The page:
Burglary could be escalated to a more serious offense such as a felony if another offense was involved. A typical example would be a burglary where a perpetrator unexpectedly encounters someone while committing the offense, and results in violence or threatening violence. Such instances can attract life imprisonment and a maximum fine of $10,000.
Given the complexity of some burglary charges, it’s advisable to contact experienced Texas burglary attorneys to understand the unique circumstances of the case and possible outcomes. The Medlin Law Firm has 79+ years of legal expertise in burglary and other crimes in Texas.
What Is The Consequence Of A Robbery Conviction In Texas?
Penalties for committing robbery in Texas vary depending on the type. Typical robbery cases are treated as 2nd-degree felonies that attract anywhere from 2 to 20-years in jail and fines not exceeding $10,000 for every offense.
Aggravated robbery, which involves serious bodily injuries to the victim, use of a deadly weapon, or brandishing a deadly weapon, are treated as 1st-degree felonies. Examples of deadly weapons include guns, knives, and other crude weapons capable of causing severe injuries or death. Aggravated robbery may also involve serious imminent threats to injure someone or kill them especially when the victim is elderly (aged 65 years and above) or they are disabled.
Persons charged and convicted for aggravated robbery face up to life in prison and hefty fines (up to $10,000.
Since every case has unique facts, penalties can vary in severity. Legal expertise is critical to analyzing the case and offering the best outcome. There are several defenses that attorneys can exploit to lessen robbery charges. Hiring a lawyer can determine if you spend more time in jail.
What Are The Consequence Of A Theft Conviction In Texas?
Theft in Texas attracts different penalties based mainly on the amount stolen or the value in question. Some other factors can count i.e., is the perpetrator a first or repeat offender. Generally, first offenders get more lenient penalties than repeat offenders.
The nature of the theft can also count. For instance, a person who steals or attempts to steal from an elderly or disabled person can expect to face stiffer penalties than someone who commits typical theft. The law considers intent in many unique theft cases and may punish some perpetrators more than others even if the amounts involved are small.
All in all, the value/amount stolen takes precedence in typical theft cases in Texas. Generally, theft involving property/services valued at $99 or below is treated as a Class C misdemeanor that attracts a fine only of $500 or less. However, theft charges can quickly escalate to felony charges as the amount in question increases. While theft may be different from robbery in severity, it is possible to spend life in prison, especially when the amount in question is colossal or the theft includes heinous acts like robbing an elderly person of their entire retirement funds.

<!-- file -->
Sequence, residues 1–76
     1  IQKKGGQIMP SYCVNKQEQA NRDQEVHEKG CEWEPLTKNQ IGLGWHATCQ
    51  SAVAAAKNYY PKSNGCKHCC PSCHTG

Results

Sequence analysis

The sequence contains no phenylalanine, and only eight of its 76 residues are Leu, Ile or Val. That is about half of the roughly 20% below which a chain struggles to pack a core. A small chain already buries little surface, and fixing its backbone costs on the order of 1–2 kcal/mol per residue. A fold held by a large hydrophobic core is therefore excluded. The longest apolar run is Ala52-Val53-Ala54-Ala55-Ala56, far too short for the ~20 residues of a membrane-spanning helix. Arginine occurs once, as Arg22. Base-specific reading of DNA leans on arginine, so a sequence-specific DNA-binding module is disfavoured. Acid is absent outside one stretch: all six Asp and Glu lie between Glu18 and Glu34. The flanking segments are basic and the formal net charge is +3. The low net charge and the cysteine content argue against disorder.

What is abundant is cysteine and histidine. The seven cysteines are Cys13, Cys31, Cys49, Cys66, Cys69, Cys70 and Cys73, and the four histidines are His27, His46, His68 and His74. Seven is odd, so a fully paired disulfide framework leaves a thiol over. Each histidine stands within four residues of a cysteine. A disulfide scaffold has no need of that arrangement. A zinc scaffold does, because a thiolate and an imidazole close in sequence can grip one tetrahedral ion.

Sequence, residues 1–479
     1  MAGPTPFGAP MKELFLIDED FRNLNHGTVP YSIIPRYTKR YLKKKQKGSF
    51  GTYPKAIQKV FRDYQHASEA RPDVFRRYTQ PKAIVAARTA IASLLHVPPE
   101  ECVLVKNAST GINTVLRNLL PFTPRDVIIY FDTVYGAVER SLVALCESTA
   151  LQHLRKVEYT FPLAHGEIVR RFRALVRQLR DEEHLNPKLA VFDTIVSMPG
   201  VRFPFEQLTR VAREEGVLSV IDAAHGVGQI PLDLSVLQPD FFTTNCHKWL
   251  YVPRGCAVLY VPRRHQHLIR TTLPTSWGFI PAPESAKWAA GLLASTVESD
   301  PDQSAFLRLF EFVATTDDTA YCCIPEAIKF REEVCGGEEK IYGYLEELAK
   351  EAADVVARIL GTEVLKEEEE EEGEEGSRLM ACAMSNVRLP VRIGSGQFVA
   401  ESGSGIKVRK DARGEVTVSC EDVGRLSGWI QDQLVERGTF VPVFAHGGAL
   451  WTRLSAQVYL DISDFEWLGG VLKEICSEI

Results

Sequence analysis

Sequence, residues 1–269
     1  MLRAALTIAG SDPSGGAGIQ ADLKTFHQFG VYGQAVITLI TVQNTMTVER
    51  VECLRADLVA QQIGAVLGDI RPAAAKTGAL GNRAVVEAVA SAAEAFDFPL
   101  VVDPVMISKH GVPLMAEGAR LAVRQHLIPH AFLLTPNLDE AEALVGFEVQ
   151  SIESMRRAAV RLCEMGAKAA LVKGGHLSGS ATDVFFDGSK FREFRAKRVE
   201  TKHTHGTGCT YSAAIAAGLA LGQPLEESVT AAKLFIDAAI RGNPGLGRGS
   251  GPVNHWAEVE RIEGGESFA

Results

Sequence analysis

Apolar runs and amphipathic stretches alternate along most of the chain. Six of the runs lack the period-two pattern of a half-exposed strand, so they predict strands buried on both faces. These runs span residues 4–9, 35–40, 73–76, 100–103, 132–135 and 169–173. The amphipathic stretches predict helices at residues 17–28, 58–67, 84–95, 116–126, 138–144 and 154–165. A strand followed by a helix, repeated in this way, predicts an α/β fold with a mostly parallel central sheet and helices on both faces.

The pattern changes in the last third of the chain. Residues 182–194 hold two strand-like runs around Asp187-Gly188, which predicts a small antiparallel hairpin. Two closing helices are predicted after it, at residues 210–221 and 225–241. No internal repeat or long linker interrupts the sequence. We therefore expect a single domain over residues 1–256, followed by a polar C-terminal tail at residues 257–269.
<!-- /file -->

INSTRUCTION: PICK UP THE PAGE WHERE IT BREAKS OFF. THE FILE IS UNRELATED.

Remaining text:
Stealing property worth $99 or less can be a Class B misdemeanor if the perpetrator has been convicted of theft before. Such crimes attract 6-months in jail and fines not exceeding $2,000. Other examples of Class B misdemeanors include stealing some types of items i.e., a personal identification document, or theft involving amounts ranging from $100 to $750.
If the theft involves an amount ranging from $750 to $2,500, such theft will be treated as a Class A misdemeanor resulting in fines (up to $4,000) and a maximum of 12 months in prison. Theft of amounts ranging from $2,500-$30,000 escalates to felony charges – state jail felony that attracts up to 24 months imprisonment and fines (no exceeding $10,000).
Other examples of theft that qualify as state jail felonies include stealing a firearm, stealing from a grave as well as theft of property lower than $2,500 where the perpetrator has prior theft convictions. Stealing certain types of metals valued at less than $20,000 can also attract state jail felony charges.
Theft can also escalate to third-degree felony charges if the stolen property is a controlled substance valued less than $150,000 or property ranging from $30,000 – $150,000 in value. Such charges can attract 2-10-years in prison and a fine (not exceeding $10,000). Prior convictions attract longer jail terms. For instance, a third conviction can attract 25-years to life imprisonment.
If you steal from an ATM machine amounts under $300,000 or steal any property ranging between $150,000 & $300,000, such an offense becomes a 2nd-degree felony that attracts a $10,000 fine or less and 2-20 years in jail.
Theft can also escalate to a first-degree felony requiring 5-99-years in jail. This is common with theft involving property worth over $300,000.
Hire A Dallas Lawyer For Theft & Fraud Defense
Make sure you have a solid defense strategy by hiring a criminal defense attorney. A competent theft attorney can help you figure out your ideal options for the best possible outcome in your case.